11. Since the rubies are not notified goods the burden of proof was on the Customs Authority to prove their illicit importation. As I have already indicated the voluntary statement of the petitioner does not in any way prove that they were illicitly imported. Then again, the Customs Officers who seized the articles have in their depositions ' stated that they reasonably believed that those were smuggled but they did not find any mark on the goods that those were of foreign origin. The Jewellery Expert Sri V. K. Chaturvedi. P. W. 3 nowhere stated that the stones were of foreign origin. In fact, so far as the rubies are concerned, except the voluntray statement of the petitioner there is not an iota of evidence to show that the goods were of foreign origin. As I have already indicated, the accused never admitted that the stones were ot foreign and his statement only proves that he had reason to believe that they were of foreign origin. In all such circumstances, it must be held that the prosecution failed to prove that the rubies were of foreign origin and were liable for confiscation under Section 111 of the Act.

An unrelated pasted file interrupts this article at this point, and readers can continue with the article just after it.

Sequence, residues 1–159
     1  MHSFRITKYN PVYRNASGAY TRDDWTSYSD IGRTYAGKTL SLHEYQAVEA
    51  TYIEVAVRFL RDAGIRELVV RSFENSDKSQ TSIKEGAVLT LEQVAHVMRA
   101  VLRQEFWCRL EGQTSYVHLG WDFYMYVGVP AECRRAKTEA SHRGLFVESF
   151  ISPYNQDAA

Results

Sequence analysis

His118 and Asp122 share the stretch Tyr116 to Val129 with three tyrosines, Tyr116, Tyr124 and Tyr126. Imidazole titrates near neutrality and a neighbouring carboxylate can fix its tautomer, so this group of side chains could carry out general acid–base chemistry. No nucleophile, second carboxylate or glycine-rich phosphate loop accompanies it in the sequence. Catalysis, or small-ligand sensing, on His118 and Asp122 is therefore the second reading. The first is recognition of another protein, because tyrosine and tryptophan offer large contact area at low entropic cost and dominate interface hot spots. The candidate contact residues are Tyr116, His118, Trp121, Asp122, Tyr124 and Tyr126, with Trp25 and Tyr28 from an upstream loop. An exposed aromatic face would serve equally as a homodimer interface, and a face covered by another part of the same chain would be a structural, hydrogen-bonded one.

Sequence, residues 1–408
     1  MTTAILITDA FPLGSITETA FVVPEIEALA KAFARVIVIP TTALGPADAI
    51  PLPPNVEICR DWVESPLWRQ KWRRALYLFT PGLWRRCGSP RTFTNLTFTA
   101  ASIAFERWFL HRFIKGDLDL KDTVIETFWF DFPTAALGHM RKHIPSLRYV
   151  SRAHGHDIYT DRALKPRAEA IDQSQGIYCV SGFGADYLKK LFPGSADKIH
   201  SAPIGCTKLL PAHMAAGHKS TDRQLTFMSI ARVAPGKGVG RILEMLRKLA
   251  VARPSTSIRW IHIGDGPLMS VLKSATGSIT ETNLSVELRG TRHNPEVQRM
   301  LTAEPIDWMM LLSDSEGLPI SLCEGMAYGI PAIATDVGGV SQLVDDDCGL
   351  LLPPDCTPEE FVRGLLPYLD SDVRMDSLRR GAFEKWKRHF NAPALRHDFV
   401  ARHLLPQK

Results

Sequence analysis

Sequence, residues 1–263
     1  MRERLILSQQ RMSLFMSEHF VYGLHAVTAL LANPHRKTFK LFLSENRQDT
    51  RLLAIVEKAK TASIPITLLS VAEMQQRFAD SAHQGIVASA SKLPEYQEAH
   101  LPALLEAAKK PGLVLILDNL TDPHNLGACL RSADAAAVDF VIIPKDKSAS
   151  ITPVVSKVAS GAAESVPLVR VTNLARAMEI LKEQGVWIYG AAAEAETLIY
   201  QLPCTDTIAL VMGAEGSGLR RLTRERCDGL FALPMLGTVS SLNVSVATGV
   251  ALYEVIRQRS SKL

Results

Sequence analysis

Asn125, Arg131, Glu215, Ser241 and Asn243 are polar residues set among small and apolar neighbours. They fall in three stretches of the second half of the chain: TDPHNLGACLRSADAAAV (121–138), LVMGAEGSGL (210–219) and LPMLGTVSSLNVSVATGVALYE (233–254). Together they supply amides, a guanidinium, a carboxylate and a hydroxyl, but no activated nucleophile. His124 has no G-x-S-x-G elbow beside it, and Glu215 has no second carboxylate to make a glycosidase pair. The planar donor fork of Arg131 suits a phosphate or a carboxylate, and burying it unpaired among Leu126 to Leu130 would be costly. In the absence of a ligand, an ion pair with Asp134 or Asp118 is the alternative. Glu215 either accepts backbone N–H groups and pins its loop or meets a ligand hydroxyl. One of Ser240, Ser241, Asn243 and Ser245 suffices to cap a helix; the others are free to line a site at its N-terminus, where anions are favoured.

12. In view of the discussions as above, I must therefore hold that the accused has been rightly convicted for being found in possession of two pieces of diamonds but his conviction for 472 pieces of rubies cannot be sustained. In view of the success, though limited, the sentence of fine of Rs. 10,000/-is liable to be reduced. As I feel that a fine of Rs. 2,000/- in defualt rigorous imprisonment for two months will meet the ends of justice, I reduce the sentence accordingly.
13. Subject to the above modification regarding sentence, this application fails and the Rule is discharged.